Arsenic Exposure in Relation to Ischemic Stroke: The Reasons for Geographic and Racial Differences in Stroke Study

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Abstract

Background and Purpose—

The purpose of this case–cohort study was to examine urinary arsenic levels in relation to incident ischemic stroke in the United States.

Methods—

We performed a case–cohort study nested within the REGARDS (REasons for Geographic and Racial Differences in Stroke) cohort. A subcohort (n=2486) of controls was randomly sampled within region–race–sex strata while all incident ischemic stroke cases from the full REGARDS cohort (n=671) were included. Baseline urinary arsenic was measured by inductively coupled plasma-mass spectrometry. Arsenic species, including urinary inorganic arsenic and its metabolites monomethylarsonic acid and dimethylarsinic acid, were measured in a random subset (n=199). Weighted Cox’s proportional hazards models were used to calculate hazard ratios and 95% confidence intervals of ischemic stroke by arsenic and its species.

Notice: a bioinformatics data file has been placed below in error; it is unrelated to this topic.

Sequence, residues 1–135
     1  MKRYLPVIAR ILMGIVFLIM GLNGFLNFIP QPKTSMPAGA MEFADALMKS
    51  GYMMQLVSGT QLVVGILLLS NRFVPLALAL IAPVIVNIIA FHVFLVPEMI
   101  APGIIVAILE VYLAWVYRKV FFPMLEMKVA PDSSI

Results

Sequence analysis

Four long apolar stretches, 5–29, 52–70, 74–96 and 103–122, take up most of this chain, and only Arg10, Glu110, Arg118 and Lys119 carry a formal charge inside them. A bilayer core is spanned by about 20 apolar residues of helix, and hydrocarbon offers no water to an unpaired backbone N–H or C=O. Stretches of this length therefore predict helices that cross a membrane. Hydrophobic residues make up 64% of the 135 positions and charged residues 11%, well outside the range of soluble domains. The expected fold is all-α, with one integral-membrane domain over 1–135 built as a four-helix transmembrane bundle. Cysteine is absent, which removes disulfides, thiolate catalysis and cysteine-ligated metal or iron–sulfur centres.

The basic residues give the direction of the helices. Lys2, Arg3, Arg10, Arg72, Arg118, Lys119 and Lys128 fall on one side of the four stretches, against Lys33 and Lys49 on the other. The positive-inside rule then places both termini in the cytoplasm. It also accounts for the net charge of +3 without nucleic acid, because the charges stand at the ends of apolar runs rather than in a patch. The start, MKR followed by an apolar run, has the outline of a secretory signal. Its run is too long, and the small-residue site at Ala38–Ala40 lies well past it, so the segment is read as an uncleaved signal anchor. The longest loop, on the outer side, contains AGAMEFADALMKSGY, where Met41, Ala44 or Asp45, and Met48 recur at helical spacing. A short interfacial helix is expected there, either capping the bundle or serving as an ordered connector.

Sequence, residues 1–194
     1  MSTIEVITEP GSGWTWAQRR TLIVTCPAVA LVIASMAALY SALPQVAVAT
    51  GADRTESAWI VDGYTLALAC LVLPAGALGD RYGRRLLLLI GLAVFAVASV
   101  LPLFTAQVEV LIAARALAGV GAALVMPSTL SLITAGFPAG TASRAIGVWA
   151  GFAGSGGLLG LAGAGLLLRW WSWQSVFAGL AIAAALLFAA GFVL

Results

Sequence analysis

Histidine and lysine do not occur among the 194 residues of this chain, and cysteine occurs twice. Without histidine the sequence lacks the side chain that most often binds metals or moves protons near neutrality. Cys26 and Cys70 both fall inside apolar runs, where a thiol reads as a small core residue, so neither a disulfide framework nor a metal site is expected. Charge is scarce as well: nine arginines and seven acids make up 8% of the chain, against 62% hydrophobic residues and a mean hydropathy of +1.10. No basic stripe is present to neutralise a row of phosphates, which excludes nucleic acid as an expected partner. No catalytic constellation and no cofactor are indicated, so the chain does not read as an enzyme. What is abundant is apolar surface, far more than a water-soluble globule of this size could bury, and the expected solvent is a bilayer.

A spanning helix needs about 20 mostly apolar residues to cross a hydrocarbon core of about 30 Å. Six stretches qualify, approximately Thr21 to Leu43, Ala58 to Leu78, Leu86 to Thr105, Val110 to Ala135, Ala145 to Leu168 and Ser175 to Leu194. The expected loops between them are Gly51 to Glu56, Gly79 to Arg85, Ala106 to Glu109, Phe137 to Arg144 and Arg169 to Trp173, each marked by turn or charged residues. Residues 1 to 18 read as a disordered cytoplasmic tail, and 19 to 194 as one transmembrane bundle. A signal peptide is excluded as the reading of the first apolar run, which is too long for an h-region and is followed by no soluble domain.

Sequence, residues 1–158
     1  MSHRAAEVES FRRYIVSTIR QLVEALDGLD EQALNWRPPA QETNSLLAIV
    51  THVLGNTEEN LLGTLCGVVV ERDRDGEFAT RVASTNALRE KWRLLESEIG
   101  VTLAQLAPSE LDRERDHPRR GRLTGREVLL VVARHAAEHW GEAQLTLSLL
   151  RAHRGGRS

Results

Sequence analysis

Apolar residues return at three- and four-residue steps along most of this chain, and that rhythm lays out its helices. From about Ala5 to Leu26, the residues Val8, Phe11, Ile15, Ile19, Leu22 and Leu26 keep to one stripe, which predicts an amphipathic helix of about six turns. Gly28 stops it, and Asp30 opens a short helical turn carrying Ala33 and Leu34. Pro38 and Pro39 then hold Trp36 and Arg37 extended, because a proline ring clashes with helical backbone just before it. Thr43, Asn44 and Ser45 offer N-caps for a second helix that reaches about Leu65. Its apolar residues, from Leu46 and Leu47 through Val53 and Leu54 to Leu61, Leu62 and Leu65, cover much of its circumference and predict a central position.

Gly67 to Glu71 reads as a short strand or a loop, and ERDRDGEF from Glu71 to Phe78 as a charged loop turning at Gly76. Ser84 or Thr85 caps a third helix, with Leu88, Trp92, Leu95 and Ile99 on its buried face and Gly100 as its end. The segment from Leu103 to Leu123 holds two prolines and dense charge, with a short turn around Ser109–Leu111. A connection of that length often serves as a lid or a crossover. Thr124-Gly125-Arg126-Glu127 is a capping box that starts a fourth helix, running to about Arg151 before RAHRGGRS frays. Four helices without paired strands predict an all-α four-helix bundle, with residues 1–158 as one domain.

Results—

The average follow-up was 6.7 years. Although incident ischemic stroke showed no association with total arsenic or total inorganic arsenic, for each unit higher level of urinary monomethylarsonic acid on a log-scale, after adjustment for potential confounders, ischemic stroke risk increased ≈2-fold (hazard ratio=1.98; 95% confidence interval: 1.12–3.50). Effect modification by age, race, sex, or geographic region was not evident.

Conclusions—

A metabolite of arsenic was positively associated with incident ischemic stroke in this case–cohort study of the US general population, a low-to-moderate exposure area. Overall, these findings suggest a potential role for arsenic methylation in the pathogenesis of stroke, having important implications for future cerebrovascular research.

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